The respiratory system
- • Overview of the respiratory system
- • Common drugs used in the management of respiratory disorders and their pharmacology
- • Implications for dentistry
- • To describe the pharmacological management of respiratory disorders
- • To understand the main drug categories and describe their mechanism of action, indications and adverse effects
- • To understand the implications for dentistry
This chapter considers the drugs used to treat respiratory tract diseases and the implications for the dental practitioner. First there is a brief consideration of the physiology of the respiratory tract followed by a consideration of the most prevalent lower respiratory conditions, asthma and chronic obstructive pulmonary disease (COPD). Thereafter is a consideration of other common respiratory tract disorders, rhinitis and cough (see Table 19.1 for the key sections of this chapter). There follows a description of the drugs used to manage respiratory conditions and finally the implications of prescribing these drugs for the practise of dentistry.
Table 19.1 Chapter key sections
|Drugs used in respiratory disease|
|Implications for dentistry|
The respiratory tract consists of all anatomical structures involved in respiration, from the nose to the alveoli. It is divided into 2 parts: the upper respiratory tract which includes all structures outside the thorax (nose, nasopharynx, pharynx, larynx and trachea) and the lower respiratory tract, which relates to structures within the thorax (ribs and intercostal muscles, trachea, bronchi and great vessels, pleurae and pleural cavities and the lungs).
The respiratory tree is further subdivided. The trachea divides into the right and left bronchi, then bronchioles, respiratory bronchioles, alveolar ducts and finally ends in the alveoli where gaseous exchange occurs. It is lined by respiratory epithelium with both mucus producing Goblet cells and microvilli. Smooth muscle is present at all levels.
The lungs have dual circulation. The bronchial circulation is part of the systemic circulation and supplies the lung parenchyma, airways and pleurae. The pulmonary circulation, from the right side of the heart, allows for exchange of oxygen and carbon dioxide between blood and air.
For gas exchange to occur air must flow in and out of the respiratory system. Ventilation of the lungs ensures air is delivered to the alveoli to allow gas exchange and maintenance of blood gases. The respiratory muscles as well as lung elasticity and airway resistance influence effective ventilation. Many lung diseases affect the physical properties of the lungs impacting on gas exchange. For example, obstructive disorders narrow airways resulting in air trapping, whereas restrictive disorders stiffen the lungs preventing normal expansion. Airway resistance, through increased tone of the smooth muscle lining plays an important role is asthma.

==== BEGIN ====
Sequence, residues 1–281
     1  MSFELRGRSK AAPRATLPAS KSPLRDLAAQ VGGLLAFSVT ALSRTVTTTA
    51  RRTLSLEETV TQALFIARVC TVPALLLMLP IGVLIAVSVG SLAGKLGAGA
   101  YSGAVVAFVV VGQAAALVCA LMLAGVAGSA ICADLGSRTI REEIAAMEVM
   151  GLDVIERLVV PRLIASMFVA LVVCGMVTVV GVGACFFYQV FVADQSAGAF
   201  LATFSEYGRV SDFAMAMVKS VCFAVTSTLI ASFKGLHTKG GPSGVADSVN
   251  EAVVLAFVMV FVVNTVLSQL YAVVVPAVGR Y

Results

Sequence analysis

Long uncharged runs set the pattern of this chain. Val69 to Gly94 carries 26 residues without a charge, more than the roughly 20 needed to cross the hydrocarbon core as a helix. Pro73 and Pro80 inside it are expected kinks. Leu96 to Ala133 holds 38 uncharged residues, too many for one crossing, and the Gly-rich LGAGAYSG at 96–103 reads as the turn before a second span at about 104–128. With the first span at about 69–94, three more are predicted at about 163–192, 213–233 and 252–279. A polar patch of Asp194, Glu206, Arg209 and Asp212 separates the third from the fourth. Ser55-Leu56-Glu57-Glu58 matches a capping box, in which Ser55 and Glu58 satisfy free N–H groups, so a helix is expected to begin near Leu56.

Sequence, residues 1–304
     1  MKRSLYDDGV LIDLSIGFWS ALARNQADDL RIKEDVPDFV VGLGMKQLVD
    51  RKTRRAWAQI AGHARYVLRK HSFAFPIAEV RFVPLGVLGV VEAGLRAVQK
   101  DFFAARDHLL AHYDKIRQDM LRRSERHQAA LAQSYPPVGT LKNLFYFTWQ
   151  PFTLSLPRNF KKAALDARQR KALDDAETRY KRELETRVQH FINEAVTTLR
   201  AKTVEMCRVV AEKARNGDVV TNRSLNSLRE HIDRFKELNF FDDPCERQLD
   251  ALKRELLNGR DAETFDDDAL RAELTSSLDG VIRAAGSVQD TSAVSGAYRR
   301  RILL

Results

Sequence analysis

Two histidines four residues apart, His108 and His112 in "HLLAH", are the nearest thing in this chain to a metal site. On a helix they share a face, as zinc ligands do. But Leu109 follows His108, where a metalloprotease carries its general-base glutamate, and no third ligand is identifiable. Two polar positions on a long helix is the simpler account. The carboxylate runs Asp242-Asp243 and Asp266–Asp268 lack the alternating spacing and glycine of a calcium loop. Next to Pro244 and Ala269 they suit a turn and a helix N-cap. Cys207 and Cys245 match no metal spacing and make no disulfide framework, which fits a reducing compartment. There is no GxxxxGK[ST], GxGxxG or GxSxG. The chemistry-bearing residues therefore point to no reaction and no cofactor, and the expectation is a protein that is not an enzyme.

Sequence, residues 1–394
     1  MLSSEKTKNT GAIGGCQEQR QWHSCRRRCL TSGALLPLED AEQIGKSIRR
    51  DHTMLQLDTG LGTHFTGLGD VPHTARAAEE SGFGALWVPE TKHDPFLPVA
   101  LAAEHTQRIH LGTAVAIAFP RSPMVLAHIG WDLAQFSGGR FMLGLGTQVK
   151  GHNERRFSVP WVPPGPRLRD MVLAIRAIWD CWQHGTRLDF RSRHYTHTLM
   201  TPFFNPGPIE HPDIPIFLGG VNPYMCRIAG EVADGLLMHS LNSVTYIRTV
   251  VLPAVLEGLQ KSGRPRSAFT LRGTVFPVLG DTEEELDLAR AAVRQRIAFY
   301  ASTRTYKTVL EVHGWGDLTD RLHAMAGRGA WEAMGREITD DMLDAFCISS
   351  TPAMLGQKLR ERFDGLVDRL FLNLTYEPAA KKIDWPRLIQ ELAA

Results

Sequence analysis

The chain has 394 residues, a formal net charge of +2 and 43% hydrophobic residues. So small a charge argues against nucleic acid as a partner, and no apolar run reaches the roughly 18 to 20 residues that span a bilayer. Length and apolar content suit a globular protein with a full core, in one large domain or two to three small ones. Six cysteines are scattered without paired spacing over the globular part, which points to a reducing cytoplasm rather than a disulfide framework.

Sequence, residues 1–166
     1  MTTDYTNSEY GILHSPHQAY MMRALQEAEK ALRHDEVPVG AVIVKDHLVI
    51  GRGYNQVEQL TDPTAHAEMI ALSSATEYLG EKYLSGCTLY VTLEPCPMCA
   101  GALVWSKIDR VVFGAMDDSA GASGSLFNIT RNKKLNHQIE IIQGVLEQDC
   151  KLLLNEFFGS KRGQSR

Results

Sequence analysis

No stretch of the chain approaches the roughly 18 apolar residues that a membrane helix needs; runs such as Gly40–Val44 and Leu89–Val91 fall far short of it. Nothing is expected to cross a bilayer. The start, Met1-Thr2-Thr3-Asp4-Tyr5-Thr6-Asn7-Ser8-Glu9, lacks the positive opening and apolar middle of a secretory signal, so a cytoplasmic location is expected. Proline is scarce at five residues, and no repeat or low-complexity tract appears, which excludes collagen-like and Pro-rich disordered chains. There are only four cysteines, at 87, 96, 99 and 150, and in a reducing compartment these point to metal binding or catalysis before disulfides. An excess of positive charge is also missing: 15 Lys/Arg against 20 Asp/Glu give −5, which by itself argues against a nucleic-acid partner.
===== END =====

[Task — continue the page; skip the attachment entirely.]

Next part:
Control of ventilation is complex, involving the brainstem as well as a wide range of receptors including central and peripheral chemoreceptors, arterial receptors, pain receptors and receptors lining the lungs, airway and chest wall. All of these result in coordinated ventilation and responses to physiological conditions.
Asthma is the commonest chronic inflammatory disease of the airways resulting in recurrent reversible obstruction to airflow and increased mucus production. It is increasing in both prevalence and severity worldwide. Children are often affected. It is characterized by intermittent episodes of wheezing, shortness of breath, chest tightness and nocturnal cough. Severe attacks can result in life-threatening hypoxaemia.
The symptoms are a result of constriction of bronchial smooth muscle, oedema of the mucosal lining of the small bronchi and plugging of the bronchial lumen by both mucus and inflammatory cells. There is hyper-reactivity of the bronchi to a wide range of stimuli including chemicals, drugs, exercise and cold air. Asthma is often divided into allergic (extrinsic), in which there is sensitization to allergens, and non-allergenic (intrinsic), however there is significant overlap. The pathogenesis of asthma is a combination of both genetic and environmental factors.
Two main phases of asthma attacks have been described: immediate phase and late phase. A number of immune cells and cytokines are involved in both the initiation and potentiation of an attack. These targets form the basis for the prevention and management of asthma.
Asthma suffers have activated T cells, T-helper 2 cells (Th2 cells), in the bronchial mucosa. These release multiple cytokines that are chemotactic to other immune cells, in particular eosinophils. Interleukin 5 (IL-5) and granulocyte-macrophage colony-stimulating factor encourage these eosinophil’s to produce cysteinyl leukotrienes. This leads to damage to the bronchial epithelium, which is responsible for its hyper-reactivity.
Acute asthma may be moderate, severe or life-threatening. Treatment of acute asthma is a medical emergency and should be treated with short-acting β2 (see later) and systemic prednisolone. Patients with severe or life-threatening asthma should be also given high-flow oxygen and sent immediately to hospital.
In addition to the management of acute asthma exacerbations, therapeutic interventions are also required for the control of chronic asthma. The aims are to control symptoms, prevent exacerbations and maximize pulmonary function.
The British Thoracic Society in conjunction with the Scottish Intercollegiate Guideline Network (BTS and SIGN) have proposed a five-step management plan (see Figure 19.1):
- Step 1 relates to mild asthmatics with intermittent symptoms
- Step 2 for patients with either nocturnal symptoms or more then 3 exacerbations per week
- Step 3 should be initiated if patients continue to experience symptoms despite the first two steps
- Step 4 and Step 5 relate to patients with persistent symptoms